13 const queryInfo = useQuery({
14 queryKey: ['todos'],
15 queryFn: fetchTodos,
16 retry: 5,
17 })

Set it like this:

1const queryClient = new QueryClient({
2 defaultOptions: {
3 queries: {
4 retry: 2,
5 },
6 },
9// ✅ only todos will retry 5 times
10queryClient.setQueryDefaults(['todos'], { retry: 5 })
12function App() {
13 return (
14 <QueryClientProvider client={queryClient}>
15 <Example />
16 </QueryClientProvider>
17 )

Here, all queries will retry two times, only todos will retry five times, and I still have the option to turn it off for all queries in my tests 🙌.


Of course, this only works for known query keys. Sometimes, you really want to set some configs on a subset of your component tree. In v2, React Query had a ReactQueryConfigProvider for that exact use-case. You can achieve the same thing in v3 with a couple of lines of codes:

1const ReactQueryConfigProvider = ({ children, defaultOptions }) => {
2 const client = useQueryClient()
3 const [newClient] = React.useState(
4 () =>
5 new QueryClient({
6 queryCache: client.getQueryCache(),
7 muationCache: client.getMutationCache(),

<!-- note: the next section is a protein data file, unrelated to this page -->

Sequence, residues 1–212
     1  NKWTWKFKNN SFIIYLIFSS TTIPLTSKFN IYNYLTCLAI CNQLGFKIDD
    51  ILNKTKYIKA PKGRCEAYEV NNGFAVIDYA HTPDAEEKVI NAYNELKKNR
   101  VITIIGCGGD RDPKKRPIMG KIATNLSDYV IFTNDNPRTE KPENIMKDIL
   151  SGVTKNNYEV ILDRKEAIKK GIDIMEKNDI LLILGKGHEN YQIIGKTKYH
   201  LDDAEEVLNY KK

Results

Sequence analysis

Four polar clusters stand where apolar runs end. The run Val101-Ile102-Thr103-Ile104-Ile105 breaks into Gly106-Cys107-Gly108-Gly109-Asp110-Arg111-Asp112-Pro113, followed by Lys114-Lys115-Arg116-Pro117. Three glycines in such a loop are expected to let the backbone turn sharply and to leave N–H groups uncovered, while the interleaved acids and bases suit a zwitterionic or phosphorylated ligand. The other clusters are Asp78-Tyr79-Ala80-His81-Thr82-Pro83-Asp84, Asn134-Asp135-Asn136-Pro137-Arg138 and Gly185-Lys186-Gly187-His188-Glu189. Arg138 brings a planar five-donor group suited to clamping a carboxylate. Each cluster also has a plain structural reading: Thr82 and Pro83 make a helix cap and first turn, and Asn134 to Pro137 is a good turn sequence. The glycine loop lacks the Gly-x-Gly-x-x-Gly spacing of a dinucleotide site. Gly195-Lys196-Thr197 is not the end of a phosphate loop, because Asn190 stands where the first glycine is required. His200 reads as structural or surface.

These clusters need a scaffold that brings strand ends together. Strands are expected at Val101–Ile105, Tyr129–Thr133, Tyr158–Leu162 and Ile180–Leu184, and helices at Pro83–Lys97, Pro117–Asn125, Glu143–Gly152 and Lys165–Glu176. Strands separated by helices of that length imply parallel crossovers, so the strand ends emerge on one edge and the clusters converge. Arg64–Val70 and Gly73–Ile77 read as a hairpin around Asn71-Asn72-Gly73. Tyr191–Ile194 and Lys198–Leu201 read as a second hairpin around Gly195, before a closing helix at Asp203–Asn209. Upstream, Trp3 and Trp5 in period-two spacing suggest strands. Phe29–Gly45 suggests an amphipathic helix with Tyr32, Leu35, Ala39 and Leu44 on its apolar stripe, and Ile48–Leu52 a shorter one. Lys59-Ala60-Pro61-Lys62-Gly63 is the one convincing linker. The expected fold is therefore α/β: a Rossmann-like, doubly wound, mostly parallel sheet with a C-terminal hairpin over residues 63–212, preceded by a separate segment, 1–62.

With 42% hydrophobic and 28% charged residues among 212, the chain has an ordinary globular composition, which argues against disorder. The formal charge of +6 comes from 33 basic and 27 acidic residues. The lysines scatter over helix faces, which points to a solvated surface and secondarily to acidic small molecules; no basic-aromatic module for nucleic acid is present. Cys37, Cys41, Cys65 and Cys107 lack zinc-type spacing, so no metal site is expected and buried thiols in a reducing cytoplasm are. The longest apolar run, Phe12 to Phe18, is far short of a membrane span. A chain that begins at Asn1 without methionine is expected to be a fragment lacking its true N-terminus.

8 defaultOptions,
9 })
10 )
12 return (
13 <QueryClientProvider client={newClient}>
14 {children}
15 </QueryClientProvider>
16 )

You can see this in action in this codesandbox example.

Always await the query

Since React Query is async by nature, when running the hook, you won't immediately get a result. It usually will be in loading state and without data to check. The async utilities from react-hooks-testing-library offer a lot of ways to solve this problem. For the simplest case, we can just wait until the query has transitioned to success state:

1const createWrapper = () => {
2 const queryClient = new QueryClient({
3 defaultOptions: {
4 queries: {
5 retry: false,
6 },
7 },
8 })
9 return ({ children }) => (
10 <QueryClientProvider client={queryClient}>
11 {children}
12 </QueryClientProvider>
13 )
16test("my first test", async () => {
17 const { result, waitFor } = renderHook(() => useCustomHook(), {
18 wrapper: createWrapper()
19 })
21 // ✅ wait until the query has transitioned to success state
22 await waitFor(() => result.current.isSuccess)
24 expect(

Putting it all together

I've set up a quick repository where all of this comes nicely together: mock-service-worker, react-testing-library and the mentioned wrapper. It contains four tests - basic failure and success tests for custom hooks and components. Have a look here:

That's it for today. Feel free to reach out to me on twitter if you have any questions, or just leave a comment below. ⬇️